A Sand-dwelling Mayfly - Homoeoneuria alleni
State Rank Reason (see State Rank above)
This sand-dwelling mayfly is currently ranked "S2" in Montana, because it is at risk of extirpation in the state due to very limited and/or potentially declining population numbers, range and/or habitat.
This burrowing (body-type & behavior) mayfly is an inhabitant of large, warmwater turbid rivers with shifting sand/gravel substrates and depositional silted habitat areas. This species is a filtering collector feeder, and has long hairs on its fore-legs to perform this filtering-function.
Adults of a similar species in this genus were observed from June to October, larvae were collected from May to October. It is believed that this species is univoltine and may over-winter as eggs.
This burrowing mayfly can appear whitish to almost transparent in color with dark bands on the dorsal part of the abdomen. The adults are characterized by the absence of wing crossviens on both wings.
Rangewide, H. alleni is known to occur in Saskatchewan and the Intermountain West (CO, MT, NM, UT). In Montana, H. alleni has been reported from 7 sites on the Powder River and 1 site in the lower Yellowstone River (Stagliano 2006; Gustafson unpublished data).
Observations in Montana Natural Heritage Program Database
Number of Observations:
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Map Help and Descriptions
(Observations spanning multiple months or years are excluded from time charts)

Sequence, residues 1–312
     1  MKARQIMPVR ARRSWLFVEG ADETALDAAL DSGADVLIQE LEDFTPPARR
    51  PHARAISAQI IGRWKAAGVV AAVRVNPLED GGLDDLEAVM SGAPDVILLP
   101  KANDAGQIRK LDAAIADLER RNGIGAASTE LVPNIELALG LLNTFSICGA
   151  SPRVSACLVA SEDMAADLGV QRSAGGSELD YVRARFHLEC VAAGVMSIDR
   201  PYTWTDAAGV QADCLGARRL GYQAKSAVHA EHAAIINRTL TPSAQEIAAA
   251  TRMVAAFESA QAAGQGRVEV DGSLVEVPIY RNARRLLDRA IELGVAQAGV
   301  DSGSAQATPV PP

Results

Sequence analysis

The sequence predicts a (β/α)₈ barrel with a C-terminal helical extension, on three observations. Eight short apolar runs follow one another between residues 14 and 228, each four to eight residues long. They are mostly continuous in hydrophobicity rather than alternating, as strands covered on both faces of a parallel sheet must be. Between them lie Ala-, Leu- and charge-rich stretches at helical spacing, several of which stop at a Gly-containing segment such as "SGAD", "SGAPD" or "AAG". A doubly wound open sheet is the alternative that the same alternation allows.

This species is not known to migrate, although the adults typically fly upstream when they hatch as most river-dwelling insects do.
This species is associated with and digs its burrows within the sandy/silted depositional areas of larger, perennially flowing prairie rivers with sand-gravel dominated bottoms.
This species is a filtering collector, sifting and eating small-medium sized organic particles from the water flowing over its burrow.
Maintaining natural flow regime conditions (no dams or diversions) that allow for the persistence of the shifting sand and gravel habitats preferred by this species.
Threats or Limiting Factors
Threats to this species include dams and diversions altering flow patterns and excessive siltation that can smother their sandy bottom habitats. Stagliano (2012) reported on the short-term population declines of this species in the Powder River while monitoring aquatic communities between 2005 and 2012, the height of Wyoming’s coal bed natural gas production.
- Literature Cited AboveLegend: View Online Publication
- Stagliano, D.M. 2006. Aquatic surveys and assessment within the Middle Powder River watershed. Report to the USDI Bureau of Land Management, Miles City Field Office. Montana Natural Heritage Program, Helena, MT. 20 pp. plus appendices.
- Additional Sources of Information Related to "Insects"